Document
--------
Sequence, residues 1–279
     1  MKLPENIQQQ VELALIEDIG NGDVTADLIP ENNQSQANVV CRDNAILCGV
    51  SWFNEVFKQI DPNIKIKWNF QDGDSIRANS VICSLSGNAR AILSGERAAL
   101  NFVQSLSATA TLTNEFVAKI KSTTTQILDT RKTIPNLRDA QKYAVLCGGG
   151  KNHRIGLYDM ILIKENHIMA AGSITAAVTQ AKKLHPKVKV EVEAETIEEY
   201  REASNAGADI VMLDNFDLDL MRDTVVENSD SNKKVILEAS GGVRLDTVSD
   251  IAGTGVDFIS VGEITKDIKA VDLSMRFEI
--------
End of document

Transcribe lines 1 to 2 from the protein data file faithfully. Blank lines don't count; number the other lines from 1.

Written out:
Sequence, residues 1–279
     1  MKLPENIQQQ VELALIEDIG NGDVTADLIP ENNQSQANVV CRDNAILCGV